What does Proverbs 21:26 mean?
ESV: All day long he craves and craves, but the righteous gives and does not hold back.
NIV: All day long he craves for more, but the righteous give without sparing.
NASB: All day long he is craving, While the righteous gives and does not hold back.
CSB: He is filled with craving all day long, but the righteous give and don’t hold back.
NLT: Some people are always greedy for more, but the godly love to give!
KJV: He coveteth greedily all the day long: but the righteous giveth and spareth not.
NKJV: He covets greedily all day long, But the righteous gives and does not spare.
Verse Commentary:
This continues a statement made in verse 25, contrasting immoral laziness with a righteous approach to work. A lazy person's desire to do nothing leads them to ruin, even to death (Proverbs 21:25).

Here, Solomon notes how those who are idle have intense desires, which cannot be fulfilled in part because of their laziness. The person who produces nothing still wants food and shelter; they become a bottomless pit that swallows everything without giving back anything in return. By contrast, a righteous person is generous. This generosity is not merely an expression of godliness, but it is also enabled by their work ethic. The righteous person understands they are a steward of all God has given; therefore, they use money and possessions wisely and with a mind to furthering the gospel.

First Corinthians 4:1–2 states: "This is how one should regard us, as servants of Christ and stewards of the mysteries of God. Moreover, it is required of stewards that they be found faithful." Paul was a faithful steward. In his farewell address to the Ephesian elders, he said, "I coveted no one's silver or gold or apparel. You yourselves know that these hands ministered to my necessities and to those who were with me. In all things I have shown you that by working hard in this way we must help the weak and remember the words of the Lord Jesus, how he himself said, 'It is more blessed to give than to receive'" (Acts 20:33–35).
Verse Context:
Proverbs 21:17–31 continues the recorded wisdom of Solomon (Proverbs 10:1). He contrasts the wise person with the foolish person, the righteous with the wicked, the lazy person with the diligent, and human wisdom with the Lord's sovereignty.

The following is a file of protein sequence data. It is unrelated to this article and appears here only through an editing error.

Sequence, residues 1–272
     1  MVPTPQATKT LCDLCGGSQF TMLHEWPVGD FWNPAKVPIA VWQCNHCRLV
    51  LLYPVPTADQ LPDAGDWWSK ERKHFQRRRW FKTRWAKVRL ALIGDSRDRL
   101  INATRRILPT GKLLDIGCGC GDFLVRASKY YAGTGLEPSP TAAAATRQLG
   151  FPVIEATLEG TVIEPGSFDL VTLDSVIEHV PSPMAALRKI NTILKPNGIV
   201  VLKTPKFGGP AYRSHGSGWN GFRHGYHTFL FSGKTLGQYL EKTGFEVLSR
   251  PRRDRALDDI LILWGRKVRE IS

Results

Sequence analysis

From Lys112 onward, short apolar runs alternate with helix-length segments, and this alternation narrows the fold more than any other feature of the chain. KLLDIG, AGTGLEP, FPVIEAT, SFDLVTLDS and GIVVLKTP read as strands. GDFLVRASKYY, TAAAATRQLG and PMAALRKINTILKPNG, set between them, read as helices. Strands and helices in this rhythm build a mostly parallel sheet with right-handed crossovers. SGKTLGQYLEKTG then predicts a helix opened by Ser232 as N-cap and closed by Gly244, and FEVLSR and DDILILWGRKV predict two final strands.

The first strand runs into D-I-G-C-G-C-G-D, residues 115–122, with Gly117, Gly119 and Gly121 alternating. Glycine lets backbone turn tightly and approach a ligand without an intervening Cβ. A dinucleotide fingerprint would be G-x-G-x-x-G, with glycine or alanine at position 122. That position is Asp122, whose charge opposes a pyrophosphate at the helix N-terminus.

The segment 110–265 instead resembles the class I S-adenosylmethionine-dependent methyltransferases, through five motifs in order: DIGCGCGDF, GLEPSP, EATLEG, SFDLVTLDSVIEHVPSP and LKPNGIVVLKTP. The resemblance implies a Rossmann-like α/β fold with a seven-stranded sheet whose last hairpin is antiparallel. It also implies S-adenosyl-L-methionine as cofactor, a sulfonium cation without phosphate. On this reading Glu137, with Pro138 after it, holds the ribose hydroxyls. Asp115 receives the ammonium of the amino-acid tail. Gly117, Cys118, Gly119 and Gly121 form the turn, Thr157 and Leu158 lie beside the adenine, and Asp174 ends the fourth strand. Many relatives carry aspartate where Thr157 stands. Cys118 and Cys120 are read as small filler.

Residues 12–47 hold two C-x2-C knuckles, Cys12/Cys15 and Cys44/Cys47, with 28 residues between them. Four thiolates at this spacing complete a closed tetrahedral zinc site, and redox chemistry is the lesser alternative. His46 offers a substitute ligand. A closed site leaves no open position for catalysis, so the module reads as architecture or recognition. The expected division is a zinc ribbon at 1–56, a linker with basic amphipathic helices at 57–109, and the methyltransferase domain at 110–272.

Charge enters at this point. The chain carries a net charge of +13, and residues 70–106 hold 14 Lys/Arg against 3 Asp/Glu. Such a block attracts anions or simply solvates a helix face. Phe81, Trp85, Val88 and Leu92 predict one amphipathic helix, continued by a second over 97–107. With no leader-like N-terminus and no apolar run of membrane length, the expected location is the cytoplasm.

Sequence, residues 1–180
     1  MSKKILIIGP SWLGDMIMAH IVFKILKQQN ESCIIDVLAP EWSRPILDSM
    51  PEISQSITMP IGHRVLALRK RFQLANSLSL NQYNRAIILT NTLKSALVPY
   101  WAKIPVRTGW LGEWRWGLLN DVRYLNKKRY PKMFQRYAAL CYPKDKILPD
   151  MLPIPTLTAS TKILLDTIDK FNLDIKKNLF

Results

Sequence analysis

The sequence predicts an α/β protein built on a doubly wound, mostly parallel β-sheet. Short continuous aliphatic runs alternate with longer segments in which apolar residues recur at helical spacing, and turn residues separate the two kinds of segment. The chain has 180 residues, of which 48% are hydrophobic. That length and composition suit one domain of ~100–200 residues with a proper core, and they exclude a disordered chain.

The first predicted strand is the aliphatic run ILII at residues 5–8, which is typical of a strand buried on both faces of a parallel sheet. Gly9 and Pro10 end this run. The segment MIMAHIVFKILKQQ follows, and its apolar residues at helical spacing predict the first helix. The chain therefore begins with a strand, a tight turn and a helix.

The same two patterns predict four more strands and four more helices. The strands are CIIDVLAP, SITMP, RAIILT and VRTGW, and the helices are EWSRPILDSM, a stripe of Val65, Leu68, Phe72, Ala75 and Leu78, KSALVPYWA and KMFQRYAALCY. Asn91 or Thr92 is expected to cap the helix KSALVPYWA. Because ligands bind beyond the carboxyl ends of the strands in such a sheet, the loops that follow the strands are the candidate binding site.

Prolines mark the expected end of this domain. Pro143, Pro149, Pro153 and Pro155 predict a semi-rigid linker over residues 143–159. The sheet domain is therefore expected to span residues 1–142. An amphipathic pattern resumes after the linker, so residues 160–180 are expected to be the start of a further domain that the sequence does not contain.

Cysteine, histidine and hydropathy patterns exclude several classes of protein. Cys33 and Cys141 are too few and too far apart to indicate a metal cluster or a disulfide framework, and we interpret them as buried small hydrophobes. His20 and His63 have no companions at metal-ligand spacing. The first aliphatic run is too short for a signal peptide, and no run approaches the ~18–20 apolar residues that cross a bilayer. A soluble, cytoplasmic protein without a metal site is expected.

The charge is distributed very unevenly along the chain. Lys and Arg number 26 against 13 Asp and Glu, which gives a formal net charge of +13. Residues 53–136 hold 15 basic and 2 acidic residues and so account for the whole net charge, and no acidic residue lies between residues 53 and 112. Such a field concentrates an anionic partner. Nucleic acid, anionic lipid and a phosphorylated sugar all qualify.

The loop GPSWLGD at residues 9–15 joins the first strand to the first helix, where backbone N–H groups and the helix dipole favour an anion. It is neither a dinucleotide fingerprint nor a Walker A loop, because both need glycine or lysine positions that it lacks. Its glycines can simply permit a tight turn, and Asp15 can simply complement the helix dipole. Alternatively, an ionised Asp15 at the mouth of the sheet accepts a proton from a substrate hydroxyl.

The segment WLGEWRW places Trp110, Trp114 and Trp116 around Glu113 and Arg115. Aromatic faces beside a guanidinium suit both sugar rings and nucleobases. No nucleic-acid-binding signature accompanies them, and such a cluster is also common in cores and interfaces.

Chapter Summary:
This chapter begins and ends with a declaration of God's sovereignty. He alone judges the heart; the Lord considers intentions just as important as physical actions. Other comments include statements about unpleasant spouses, proper perspectives on wealth, work ethic, and the essential nature of godly wisdom. Human wisdom is no match for the sovereign Lord, who alone is ultimately responsible for victory in battle.
Chapter Context:
This is part of the second major section of the book (Proverbs 10—22) featuring nearly four hundred statements. Most of these are two-line comments presenting common sense and general wisdom. The vague theme of chapter 21 is God's control. Man may believe he is in control of his circumstances, but God superintends everything. The chapter begins and ends by assuring the readers that God holds ultimate sway over all things.
Book Summary:
Proverbs is best understood in context with the books of Ecclesiastes and Job. In Proverbs, “wisdom” is given in short, simple, general terms. Ecclesiastes represents wisdom based on observation and experience. This often shows how the general principles of the book of Proverbs don’t apply in absolutely every circumstance. Job represents wisdom based on the experience of suffering and injustice. All three come to the conclusion that God does indeed know best, and the most sensible course of action is to follow His will.
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